Everybody knows Louie and the Westside guys in Columbus, Ohio. The gym has its great and historic past with its lifters, innovative training methods and devices. No one knows how the pyramids were built, but thanks to Dave Yarnell - you are about to find out how Louie started his club; the original Westside club from Culver City, California. Bill West, George Frenn, Bill Thurber, and Pat Casey trained for pure strength training.
Before Westside California, bodybuilders were basically the only ones on the scene. It was also a haven for throwers like Frenn, Hal Connelly, George Woods and Dallas Long. They wrote articles in a magazine known as Muscle Power Builder. Their article on box squatting caught Louie’s eye first, as his squat was stuck at 410 pounds.
But Westside had much more to offer - power rack training for all three lifts, floor press, belly toss, benching with rubber pads on the chest, pulling on boxes, and many more innovations for which Louie will always be indebted to Westside. Beyond innovations in movements, they also had technical innovations, such as the first use of a wide stance squat with the bar set lower on the back - the first power squat.
Back then, the AAU controlled powerlifting due to their reigning control over weightlifting. It was West and Frenn who pushed for powerlifting to have its own body. Their effort lead Bob Hoffman of York Barbell to host the first world powerlifting championship. The Culver City guys were basically done by then and it was at that point that Louie started unofficially calling his one-man show Westside.
This was a tribute to West and the gang, and was fitting as he resided on the western side of Columbus. Joe Dimarco, still kicking in California, had much input on the early training innovations and shared many of these ideas with Louie. Like today’s Westside, the Culver City gym has countless visitors.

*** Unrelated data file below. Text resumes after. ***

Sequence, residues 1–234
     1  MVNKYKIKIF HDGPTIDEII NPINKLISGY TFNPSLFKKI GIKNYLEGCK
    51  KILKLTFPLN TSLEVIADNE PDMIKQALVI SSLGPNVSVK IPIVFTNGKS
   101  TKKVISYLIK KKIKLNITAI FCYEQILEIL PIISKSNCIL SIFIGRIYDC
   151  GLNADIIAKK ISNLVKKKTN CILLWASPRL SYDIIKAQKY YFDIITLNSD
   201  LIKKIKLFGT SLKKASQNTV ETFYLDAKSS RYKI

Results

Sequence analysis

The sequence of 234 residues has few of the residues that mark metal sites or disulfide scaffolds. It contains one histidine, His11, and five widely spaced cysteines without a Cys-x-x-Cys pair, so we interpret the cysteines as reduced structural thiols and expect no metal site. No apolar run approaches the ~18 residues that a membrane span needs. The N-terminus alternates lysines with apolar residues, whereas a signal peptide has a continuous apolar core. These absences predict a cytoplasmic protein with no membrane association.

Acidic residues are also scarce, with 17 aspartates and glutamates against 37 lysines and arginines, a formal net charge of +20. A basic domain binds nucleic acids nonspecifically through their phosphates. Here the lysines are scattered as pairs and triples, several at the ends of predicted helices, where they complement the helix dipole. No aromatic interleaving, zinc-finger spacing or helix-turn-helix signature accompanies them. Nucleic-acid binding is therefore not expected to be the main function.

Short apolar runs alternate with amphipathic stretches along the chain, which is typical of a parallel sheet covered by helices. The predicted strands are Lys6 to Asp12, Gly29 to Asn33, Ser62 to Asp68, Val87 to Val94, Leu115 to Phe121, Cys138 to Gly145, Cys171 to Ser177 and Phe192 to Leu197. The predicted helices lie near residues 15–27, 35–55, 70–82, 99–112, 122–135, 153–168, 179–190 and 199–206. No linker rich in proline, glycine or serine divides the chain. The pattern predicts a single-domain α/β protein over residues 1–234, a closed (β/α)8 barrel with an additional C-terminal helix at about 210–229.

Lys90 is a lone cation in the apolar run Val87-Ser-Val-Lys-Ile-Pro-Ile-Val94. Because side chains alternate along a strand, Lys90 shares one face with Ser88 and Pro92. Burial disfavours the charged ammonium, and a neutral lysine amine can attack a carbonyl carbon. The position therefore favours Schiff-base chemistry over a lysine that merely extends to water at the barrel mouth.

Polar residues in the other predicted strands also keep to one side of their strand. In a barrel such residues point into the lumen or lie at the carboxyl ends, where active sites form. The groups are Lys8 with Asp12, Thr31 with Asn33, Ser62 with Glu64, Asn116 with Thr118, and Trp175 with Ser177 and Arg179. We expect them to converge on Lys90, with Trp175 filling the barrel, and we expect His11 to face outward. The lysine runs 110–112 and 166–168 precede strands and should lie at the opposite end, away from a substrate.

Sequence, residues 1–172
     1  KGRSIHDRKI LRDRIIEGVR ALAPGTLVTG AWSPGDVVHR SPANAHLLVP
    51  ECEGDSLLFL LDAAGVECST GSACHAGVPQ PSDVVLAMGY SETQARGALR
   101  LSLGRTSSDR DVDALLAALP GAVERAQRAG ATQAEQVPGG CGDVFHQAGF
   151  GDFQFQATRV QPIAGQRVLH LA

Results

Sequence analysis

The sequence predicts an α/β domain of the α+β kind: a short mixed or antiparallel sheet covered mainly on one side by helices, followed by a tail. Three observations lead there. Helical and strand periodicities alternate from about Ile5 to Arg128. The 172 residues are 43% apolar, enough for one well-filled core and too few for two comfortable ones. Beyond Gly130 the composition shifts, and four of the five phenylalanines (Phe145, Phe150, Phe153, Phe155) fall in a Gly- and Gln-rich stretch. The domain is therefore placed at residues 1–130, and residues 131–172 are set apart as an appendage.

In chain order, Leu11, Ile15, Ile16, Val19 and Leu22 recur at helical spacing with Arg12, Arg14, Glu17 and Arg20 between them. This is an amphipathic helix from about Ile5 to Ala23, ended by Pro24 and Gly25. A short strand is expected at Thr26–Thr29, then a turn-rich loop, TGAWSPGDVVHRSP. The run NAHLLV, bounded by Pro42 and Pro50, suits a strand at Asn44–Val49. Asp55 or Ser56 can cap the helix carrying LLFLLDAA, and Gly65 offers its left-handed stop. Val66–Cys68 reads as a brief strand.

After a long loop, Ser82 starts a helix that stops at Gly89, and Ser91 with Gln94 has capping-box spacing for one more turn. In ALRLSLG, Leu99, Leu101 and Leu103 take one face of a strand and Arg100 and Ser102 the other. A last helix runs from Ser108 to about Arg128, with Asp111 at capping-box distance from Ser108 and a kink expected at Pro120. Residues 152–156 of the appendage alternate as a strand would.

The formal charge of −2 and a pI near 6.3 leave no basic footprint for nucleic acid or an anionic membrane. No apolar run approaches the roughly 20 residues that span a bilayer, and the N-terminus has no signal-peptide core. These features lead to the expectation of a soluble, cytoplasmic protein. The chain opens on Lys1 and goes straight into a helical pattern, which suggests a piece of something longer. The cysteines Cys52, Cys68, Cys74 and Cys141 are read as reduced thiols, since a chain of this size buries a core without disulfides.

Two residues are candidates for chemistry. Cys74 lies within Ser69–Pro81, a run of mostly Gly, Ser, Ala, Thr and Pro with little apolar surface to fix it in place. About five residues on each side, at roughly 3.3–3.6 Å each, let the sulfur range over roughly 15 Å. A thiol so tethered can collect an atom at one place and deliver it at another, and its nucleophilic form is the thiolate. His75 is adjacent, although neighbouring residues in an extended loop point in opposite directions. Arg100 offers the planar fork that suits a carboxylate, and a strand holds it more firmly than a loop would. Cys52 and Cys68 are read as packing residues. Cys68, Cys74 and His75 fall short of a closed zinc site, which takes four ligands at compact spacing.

A friend of Louie, Roger Estep, made a trip to visit Bill, Frenn and the rest of the Culver City members. He spent the summer training in California and went back to Ohio University with about 200 pounds added on his total. Remember, there was zero gear and no 24 hour weigh-ins. Roger told me what he did during his visit and I was on track by reading those articles. Roger brought back the information to the wild bunch, including Luke Iams and Chuck Dunbar, and from there they were hard to beat.
All the lifters who started in the 1960’s adopted some of their training methods from the early Westside boys. Like Westside today, the Culver City boys shared all of their training methods for anyone to try. Their own Pat Casey had the first 800 pound squat, 600 pound bench and a 2000 pound total.
They were light years ahead of their time and Louie took it all in and later, improved on it. It was his duty - for without Bill, Pat, Joe, George, and all the Culver City guys, there would not be a Louie Simmons and today’s Westside Barbell. This immense work by Dave Yarnell is a must-read; know the past and present so you will succeed in the future.